It is estimated that in conventional dentistry, 75% of root canal procedures are performed even if they are not the best option, either because the tooth is still alive, or the area around the root is so infected, that the procedure is simply locking anaerobic bacteria into the bone, which might cause chronic inflammation and possible long-term systemic medical damage.
A root canal embalms a 'dead tooth', destroying the normal neurological and arterial anatomy , but still maintaining the tooth.
A tooth may die from internal or external trauma causing an irreversible pulpitis (inflammation of the pulp or nerve). The bacterial invasion from a cavity might extend into the nerve and in the microscopic tubules. The living pulp that nourishes each tooth decomposes, creating facial pain, swelling and abscess.
Endodontists (root canal specialist) will try to remove all the bacteria from an infected tooth irrigating with bleach, yet all they actually can treat is the main chamber of the tooth. If you put that tooth under a microscope, there are thousands of horizontal micro-tubules where bacteria and spirochetes survive for years without oxygen. Although these bacteria multiply slowly, they are the most virulent of organisms and their exudates have been linked to heart disease. The body will try to wall off the bacteria, creating a cyst at the end of the root which appears dark on x-ray. A digital x-ray or CAT scan is the best diagnostic tooth for locating the disease.
Not all root canal teeth are infected, it depends on the sterility of the technique and the status of the tooth when the service was first performed. An infected root canal is often painless, but you might notice a small swelling around the root, bleeding in the gum or a draining fistula (pimple). The tooth might feel different on biting. Root canal re-treatment (doing a failed root canal treatment again) is rarely successful and an apisectomy (surgically removing the cyst) does not address the bacteria living in the micro-tubules.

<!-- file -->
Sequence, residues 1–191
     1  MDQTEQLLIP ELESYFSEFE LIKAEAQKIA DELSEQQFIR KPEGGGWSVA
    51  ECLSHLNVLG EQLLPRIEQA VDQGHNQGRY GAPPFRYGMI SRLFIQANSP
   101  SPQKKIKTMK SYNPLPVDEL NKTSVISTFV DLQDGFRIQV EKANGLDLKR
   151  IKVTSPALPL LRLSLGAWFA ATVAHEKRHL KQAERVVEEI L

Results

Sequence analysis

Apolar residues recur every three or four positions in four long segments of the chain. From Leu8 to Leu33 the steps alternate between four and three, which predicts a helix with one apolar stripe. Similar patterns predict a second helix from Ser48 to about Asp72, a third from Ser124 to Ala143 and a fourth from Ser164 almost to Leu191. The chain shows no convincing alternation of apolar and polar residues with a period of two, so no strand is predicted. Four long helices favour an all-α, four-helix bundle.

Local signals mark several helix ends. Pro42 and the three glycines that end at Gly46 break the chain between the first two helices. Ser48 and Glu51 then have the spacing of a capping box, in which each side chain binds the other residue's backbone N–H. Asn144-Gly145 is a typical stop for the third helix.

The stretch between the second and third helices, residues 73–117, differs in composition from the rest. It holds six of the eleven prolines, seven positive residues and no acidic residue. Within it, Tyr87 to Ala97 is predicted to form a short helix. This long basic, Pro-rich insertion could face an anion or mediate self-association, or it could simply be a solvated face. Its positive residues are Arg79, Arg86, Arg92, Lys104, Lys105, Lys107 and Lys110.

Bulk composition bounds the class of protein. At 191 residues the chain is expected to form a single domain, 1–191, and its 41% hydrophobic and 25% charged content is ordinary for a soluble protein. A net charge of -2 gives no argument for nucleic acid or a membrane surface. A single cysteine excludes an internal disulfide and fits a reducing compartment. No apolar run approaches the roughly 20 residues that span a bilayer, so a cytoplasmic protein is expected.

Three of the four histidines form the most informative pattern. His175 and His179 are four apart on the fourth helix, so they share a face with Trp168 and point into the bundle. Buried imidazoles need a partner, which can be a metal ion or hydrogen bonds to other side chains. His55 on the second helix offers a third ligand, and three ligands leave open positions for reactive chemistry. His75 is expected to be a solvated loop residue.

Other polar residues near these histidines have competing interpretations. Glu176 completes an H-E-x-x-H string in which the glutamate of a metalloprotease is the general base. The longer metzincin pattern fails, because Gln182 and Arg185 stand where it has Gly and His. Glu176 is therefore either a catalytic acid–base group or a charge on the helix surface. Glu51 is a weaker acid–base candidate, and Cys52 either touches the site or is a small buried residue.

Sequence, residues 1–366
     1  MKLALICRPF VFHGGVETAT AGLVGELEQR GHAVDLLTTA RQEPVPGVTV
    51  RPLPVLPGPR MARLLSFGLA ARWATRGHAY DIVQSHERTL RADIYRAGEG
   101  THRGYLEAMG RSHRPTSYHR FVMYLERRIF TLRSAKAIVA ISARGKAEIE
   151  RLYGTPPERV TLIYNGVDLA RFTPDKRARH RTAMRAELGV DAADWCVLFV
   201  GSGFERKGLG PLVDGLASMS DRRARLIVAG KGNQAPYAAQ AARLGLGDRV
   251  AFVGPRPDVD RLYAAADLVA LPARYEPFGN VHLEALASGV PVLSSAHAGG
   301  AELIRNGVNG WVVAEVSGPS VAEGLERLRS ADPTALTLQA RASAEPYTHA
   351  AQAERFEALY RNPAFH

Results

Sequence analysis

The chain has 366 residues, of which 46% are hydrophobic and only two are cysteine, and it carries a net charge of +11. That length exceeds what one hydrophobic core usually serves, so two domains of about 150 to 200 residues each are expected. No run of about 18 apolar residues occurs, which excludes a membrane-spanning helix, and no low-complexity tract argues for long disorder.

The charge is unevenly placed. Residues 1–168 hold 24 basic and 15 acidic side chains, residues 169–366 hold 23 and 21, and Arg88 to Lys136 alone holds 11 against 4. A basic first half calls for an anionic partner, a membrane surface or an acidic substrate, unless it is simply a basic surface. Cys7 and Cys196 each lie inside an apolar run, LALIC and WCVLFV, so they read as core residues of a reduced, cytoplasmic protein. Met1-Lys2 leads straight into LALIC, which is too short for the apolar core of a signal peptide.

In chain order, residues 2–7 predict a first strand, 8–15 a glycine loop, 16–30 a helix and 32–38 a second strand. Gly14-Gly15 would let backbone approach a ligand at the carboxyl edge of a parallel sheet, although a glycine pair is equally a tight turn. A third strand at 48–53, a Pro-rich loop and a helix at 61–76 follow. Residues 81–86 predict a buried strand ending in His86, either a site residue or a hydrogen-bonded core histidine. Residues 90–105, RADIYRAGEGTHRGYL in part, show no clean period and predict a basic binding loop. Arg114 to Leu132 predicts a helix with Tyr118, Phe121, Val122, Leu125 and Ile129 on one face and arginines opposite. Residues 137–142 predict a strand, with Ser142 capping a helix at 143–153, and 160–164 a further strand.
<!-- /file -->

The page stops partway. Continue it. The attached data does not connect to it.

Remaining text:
If a patient has a healthy immune system an infected tooth can always be extracted later, but our bodies are besieged by environmental challenges everyday and if you choose to avoid adding insult to injury, you should extract the tooth sooner rather than later and the Biological Dentist will perform a cavitation of the socket with ozone irrigation.
Avoiding the need for root canal treatment is of course the best solution; treat decay in early stages, replace leaking fillings and poorly fitting crowns. If the tooth is alive it will be sensitive to cold and sweet, but the condition is still reversible if the decay is carefully removed and any offending irritants such as poor fitting filling or crown are replaced. Food and periodontal traps must be eliminated and hyper-occlusion adjusted. Adjacent wisdom teeth may be extracted.
Hot sensitivity is an indication of change but the tooth may still be saved in some cases. The best alternative at this point is to use a Biological Dentist whose “intentions” are to keep tooth alive using a biocompatible 'sedative' filling. Many traditional dentists simply view an x-ray of a deep cavity as being irreversible without making any attempt to save the pulp.
If the pulp can not be saved and the anatomy of the root is favourable, a root canal can still be a valid option, if done under the right conditions (complete isolation of the tooth with dental-dam, using ozone gas and ozonated water to disinfect the pulp chambers, using bio-compatible cement to close the canal(s) and a good fitting bio-compatible restoration or crown to repair the tooth). If these conditions can’t be met the safest option is the removal of the tooth and considering some kind of tooth replacement, for example a (zirconium) dental implant or a full ceramic bridge.
At Anne Swart Clinic we will use the best possible treatment for your teeth using the latest technology and biological treatment options.